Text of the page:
Front Page » Table of Contents » Archive: Policy: May 2010

immigration.gifGREAT BEND, Kan. - Arizona has recently come under fire for its immigration bill. I have heard loud arguments from both sides regarding the legal implications of this law. Those arguments aside, we need to look at the big picture. Is this bill by itself going to be effective, or is it just a political ploy to satisfy those upset with illegal immigration? A lot of wording, but nothing more than the government creating more laws and creating a civil rights debate? I am not going to touch that aspect in this article; whether or not the bill is infringing on the rights of American Citizens.

According to Numbers USA and the PEW research center, both of which are bi-partisan studies, 7.7 million American jobs are held by illegal immigrants. The majority of immigrants come into America seeking jobs. Big business lures illegal immigrants in with the promise of a better life; a life where a man and woman can take care of their families, and live a relatively safe existence. The majority of illegal immigrants come to America for employment.

Is it cost effective for American's to go after illegal immigrants one at a time?

BASEHOR, Kan. - I'm torn. I can see both sides of an issue that's very dear to me: General Aviation flying, particularly from small community airports. As a smartaleck once said, "If a man can see both sides of a problem, you know that none of his money is tied up in it." Well, that's me: I don't have any money tied up in it directly. But, as a taxpayer and a community supporter, I do have money tied up in it.

There's a major effort underway in General Aviation (GA) to save as many small- and medium-sized airports as possible from shutting down and, at the same time, to protect the users of those airports from increased fees and taxes. General Aviation, by the way, is a term that refers to just about anything other than scheduled passenger service by the airlines.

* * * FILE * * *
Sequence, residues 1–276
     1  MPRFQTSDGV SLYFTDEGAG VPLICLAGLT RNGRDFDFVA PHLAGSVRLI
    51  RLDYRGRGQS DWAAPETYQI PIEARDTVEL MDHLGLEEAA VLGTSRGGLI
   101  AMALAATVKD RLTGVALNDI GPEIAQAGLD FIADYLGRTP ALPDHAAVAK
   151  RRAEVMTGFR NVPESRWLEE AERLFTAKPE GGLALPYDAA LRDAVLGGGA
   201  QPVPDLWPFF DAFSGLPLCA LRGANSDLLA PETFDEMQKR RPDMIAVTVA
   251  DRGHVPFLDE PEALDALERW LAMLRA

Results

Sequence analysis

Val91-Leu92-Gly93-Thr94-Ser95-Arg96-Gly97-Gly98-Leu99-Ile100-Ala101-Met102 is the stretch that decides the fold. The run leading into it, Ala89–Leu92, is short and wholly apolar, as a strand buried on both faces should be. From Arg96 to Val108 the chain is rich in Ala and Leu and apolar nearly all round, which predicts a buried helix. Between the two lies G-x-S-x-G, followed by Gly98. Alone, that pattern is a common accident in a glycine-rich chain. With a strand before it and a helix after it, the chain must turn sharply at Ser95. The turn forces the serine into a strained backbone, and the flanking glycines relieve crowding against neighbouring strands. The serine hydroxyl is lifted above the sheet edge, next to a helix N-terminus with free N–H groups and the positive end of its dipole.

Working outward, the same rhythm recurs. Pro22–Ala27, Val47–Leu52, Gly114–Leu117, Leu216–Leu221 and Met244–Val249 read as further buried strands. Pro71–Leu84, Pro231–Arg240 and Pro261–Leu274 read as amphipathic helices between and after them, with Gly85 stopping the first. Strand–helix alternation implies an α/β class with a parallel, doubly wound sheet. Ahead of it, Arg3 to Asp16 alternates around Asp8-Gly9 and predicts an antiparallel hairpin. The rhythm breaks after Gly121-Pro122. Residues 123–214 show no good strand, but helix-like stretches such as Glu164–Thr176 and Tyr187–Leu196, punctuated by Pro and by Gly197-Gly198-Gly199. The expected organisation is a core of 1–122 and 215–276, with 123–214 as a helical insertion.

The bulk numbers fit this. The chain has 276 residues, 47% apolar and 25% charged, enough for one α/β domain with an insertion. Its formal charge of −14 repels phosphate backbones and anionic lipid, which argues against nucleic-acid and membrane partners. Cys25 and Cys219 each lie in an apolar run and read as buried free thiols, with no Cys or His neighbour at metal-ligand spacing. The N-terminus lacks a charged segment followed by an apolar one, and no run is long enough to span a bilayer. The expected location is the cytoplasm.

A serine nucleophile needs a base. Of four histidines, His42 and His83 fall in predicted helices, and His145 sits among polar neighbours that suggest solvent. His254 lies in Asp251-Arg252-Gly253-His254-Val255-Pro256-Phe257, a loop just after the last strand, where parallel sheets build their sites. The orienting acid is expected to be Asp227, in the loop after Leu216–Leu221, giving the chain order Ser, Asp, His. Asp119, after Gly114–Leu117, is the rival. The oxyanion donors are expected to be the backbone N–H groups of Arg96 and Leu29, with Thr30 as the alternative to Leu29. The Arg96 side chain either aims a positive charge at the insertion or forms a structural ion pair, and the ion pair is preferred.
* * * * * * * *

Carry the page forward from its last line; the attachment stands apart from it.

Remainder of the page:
EMPORIA, Kan. - Today brings news from China of another in a string of recent attacks on students by knife-wielding maniacs. Perhaps it is an inevitable sign of a society in transition and the lack of psychological services within China but what does that have to do with Kansas? Plenty!

Take a look at your regional state university. I don't have figures for Emporia State where my wife teaches but anybody in Emporia will tell you that the Chinese students make up a significant fraction of the student body. Almost all of these students are paying full out of state tuition rates which serves to keep the cost of in-state tuition lower for the locals.

UPDATED - See Below.

TOPEKA, Kan. - Buried in the 2011 Budget passed by the Kansas Legislature last week is a cut of 50% to the public radio and television stations in Kansas.

The Kansas House included a $903,161 cut in the annual budget allocation for public radio and television. The 50% cut affects stations statewide but has particular impact on stations in the western portion of the state, where the state funding represents a larger portion of the budget.

High Plains Public Radio (HPPR) has told its listeners that the station will see a cut of more than $120,000. Being that we are the doorstep of the new fiscal year, HPPR had already budgeted to receive the same allocation as they had in 2010.

For High Plains and the other public stations these cuts are drastic, without precedent, and threaten each public broadcasting station's ability to bring high-quality, independent, informative programs the state.

CERT: Community Emergency Response Team

BASEHOR, Kan. - Congress has provided funds through the Citizen Corps to assist local communities in quick response to emergency situations--particularly when first responders may be overwhelmed. These local programs, called Community Emergency Response Teams, allow groups of trained citizens to literally "care for themselves" by being first on the scene when disaster strikes. They're able to self organize and provide immediate assistance to their friends and neighbors while waiting for first responders. A multi-part training program is available, free of charge, to those who are interested.